But why? Does it really all come down to their diet? Put simply, yes. Well that, and their way of life of course. Obviously, they were much more active than we are today, having to hunt and forage for their food and all. But let’s drill down on their diet a little more. With all of our advancements in science and food production, why would our prehistoric ancestors be so much healthier?
Well, the first big thing to consider is caloric density. Modern, processed foods contain WAY more calories than natural, whole, unprocessed foods.
Let’s talk carbs (the devil, right?). One of my favorite ways to get my carbs in is in the form of strawberries. Strawberries are made of mostly sugar (and fiber, which makes it NOT the devil). If you were to eat an ENTIRE POUND of strawberries (which I do regularly on workout days), you’re only looking at about 150 calories, and only about 35 grams of carbs. Plus, you’re going to get a little bit of protein (that’s good), and a little bit of fat (also good), and not to mention a whole host of vitamins and minerals (AKA micronutrients) that are going be nothing but a boon for your overall health.
So think about that. An entire POUND of strawberries is only 150 calories. If your goal is to eat roughly 2,000 calories in a day, that’s a tiny dent in your overall daily intake.
Now, let’s compare that to a more “modern” form of carbohydrates: a flour tortilla from Qdoba. One measly little tortilla is a whopping 300 calories and 52 grams of carbohydrates. Now I want you to picture in your mind eating one flour tortilla versus eating an entire pound of strawberries. Which one has more volume? Which one would take longer to eat?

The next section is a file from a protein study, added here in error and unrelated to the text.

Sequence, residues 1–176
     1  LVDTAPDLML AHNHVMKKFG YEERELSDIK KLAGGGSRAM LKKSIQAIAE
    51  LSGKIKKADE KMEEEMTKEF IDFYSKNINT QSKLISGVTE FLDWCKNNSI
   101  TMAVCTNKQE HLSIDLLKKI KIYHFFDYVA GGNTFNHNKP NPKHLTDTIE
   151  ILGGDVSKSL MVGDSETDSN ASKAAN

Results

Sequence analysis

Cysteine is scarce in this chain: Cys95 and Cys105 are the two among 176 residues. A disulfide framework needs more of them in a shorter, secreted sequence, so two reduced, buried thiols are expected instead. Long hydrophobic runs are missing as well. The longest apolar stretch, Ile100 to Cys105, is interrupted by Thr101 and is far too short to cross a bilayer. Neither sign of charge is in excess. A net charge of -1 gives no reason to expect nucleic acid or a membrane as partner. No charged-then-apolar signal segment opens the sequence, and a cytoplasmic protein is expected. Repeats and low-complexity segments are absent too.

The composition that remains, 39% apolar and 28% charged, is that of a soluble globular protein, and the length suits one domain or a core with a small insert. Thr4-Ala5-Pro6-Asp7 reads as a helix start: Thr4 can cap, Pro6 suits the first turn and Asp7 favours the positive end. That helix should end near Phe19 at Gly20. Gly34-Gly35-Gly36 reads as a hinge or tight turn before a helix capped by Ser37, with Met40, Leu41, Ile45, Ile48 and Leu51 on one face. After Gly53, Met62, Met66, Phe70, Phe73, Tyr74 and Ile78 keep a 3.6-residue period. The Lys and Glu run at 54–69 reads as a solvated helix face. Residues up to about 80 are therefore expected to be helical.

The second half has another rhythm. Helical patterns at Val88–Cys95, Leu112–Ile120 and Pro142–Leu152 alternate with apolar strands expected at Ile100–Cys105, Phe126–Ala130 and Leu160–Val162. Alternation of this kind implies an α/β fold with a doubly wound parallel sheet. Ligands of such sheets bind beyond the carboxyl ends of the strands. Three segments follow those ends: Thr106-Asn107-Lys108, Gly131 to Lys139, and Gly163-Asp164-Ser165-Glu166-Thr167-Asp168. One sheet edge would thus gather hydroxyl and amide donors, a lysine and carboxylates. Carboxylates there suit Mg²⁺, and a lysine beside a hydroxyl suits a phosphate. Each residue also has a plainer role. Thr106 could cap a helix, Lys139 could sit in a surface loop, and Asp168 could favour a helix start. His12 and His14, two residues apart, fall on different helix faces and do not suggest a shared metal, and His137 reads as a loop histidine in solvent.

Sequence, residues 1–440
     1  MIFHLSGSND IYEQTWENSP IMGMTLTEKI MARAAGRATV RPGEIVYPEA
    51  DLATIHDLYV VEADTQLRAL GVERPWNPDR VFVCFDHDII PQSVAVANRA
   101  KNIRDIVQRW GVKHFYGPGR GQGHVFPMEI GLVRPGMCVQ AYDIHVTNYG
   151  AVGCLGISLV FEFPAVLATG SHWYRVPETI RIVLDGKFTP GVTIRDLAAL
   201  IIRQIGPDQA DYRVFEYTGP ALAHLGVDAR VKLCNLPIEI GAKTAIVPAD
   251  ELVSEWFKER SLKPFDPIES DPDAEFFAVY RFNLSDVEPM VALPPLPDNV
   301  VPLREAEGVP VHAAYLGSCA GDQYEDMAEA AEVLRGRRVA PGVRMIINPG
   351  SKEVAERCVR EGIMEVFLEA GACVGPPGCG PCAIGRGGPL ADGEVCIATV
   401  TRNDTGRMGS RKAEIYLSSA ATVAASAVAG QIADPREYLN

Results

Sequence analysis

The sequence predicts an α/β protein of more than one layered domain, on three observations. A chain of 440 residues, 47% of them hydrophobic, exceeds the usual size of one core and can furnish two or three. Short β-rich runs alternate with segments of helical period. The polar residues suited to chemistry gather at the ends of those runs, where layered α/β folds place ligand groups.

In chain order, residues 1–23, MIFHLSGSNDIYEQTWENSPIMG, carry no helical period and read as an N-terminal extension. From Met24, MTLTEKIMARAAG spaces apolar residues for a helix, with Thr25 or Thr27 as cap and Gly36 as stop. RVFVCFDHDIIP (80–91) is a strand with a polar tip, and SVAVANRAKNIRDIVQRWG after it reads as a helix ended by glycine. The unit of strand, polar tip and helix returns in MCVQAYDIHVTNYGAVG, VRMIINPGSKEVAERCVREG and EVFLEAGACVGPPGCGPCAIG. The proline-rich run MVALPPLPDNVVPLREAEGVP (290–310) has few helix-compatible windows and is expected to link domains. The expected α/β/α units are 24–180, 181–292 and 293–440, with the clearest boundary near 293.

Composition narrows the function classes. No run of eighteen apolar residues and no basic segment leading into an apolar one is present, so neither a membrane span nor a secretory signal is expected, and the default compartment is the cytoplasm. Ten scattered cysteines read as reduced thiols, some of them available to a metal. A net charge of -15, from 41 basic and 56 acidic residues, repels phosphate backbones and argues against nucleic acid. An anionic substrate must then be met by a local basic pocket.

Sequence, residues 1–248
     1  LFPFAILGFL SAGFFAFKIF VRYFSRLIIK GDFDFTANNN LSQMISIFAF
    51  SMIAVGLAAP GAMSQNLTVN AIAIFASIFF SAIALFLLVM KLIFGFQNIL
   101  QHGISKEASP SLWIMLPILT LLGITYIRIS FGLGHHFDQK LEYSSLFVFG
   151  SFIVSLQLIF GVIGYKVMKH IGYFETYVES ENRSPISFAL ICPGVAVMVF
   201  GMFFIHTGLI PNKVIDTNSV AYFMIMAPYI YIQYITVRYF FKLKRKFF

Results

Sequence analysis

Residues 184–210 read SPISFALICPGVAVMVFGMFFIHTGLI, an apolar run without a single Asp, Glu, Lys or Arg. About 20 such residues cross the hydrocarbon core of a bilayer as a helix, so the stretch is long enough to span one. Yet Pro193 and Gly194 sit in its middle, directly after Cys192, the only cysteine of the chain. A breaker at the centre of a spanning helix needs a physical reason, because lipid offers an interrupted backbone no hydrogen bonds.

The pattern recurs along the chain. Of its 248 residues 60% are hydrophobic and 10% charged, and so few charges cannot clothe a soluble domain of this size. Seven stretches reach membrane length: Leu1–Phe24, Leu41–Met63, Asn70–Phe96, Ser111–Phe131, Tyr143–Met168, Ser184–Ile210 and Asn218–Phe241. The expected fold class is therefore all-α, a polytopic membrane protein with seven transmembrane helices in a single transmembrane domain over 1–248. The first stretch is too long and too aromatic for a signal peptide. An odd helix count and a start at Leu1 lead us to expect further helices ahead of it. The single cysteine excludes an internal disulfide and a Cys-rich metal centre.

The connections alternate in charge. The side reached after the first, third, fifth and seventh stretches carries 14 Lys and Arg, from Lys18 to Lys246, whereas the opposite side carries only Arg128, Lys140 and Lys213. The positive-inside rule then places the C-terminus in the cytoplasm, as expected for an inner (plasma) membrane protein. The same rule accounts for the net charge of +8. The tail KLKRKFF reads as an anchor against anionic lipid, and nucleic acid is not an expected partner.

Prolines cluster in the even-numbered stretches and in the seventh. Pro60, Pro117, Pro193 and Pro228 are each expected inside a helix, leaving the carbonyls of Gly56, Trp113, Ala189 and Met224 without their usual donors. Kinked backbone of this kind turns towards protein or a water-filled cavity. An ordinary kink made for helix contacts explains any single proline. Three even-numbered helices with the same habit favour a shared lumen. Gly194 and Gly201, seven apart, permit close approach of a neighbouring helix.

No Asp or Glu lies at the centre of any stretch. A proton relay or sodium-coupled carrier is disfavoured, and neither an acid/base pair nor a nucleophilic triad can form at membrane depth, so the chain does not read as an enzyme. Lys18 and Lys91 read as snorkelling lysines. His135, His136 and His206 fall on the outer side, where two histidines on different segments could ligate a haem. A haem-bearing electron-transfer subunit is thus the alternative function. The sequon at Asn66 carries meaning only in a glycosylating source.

Now I don’t know about you, but it might take me 10-15 minutes to eat a pound of strawberries. A tortilla? I could devour that bad boy in 30 seconds or less. Plus, I would feel way less full after eating the tortilla due to the lower fiber content. I’d be more likely to keep eating, even though I’d have eaten way more calories compared to the berries.
What gives? Well, the tortilla is obviously manmade. We’ve taken wheat (something our ancestors didn’t even eat, as we covered earlier), ground it down, kneaded it together, maybe added some salt, some fat, applied some heat, and bang! You’ve got 300 calories of delicious carbohydrates. And it’s not even filling!
Now, I’m not here to hate on tortillas. They’re not necessarily a bad thing (especially if you’re a seasoned dieter), and if we’re being completely honest, I have one once or twice a week when going for my post-gym Qdoba run. (No, this post wasn’t sponsored by Qdoba. But, Qdoba, if you’re listening, hit me up using the contact page.)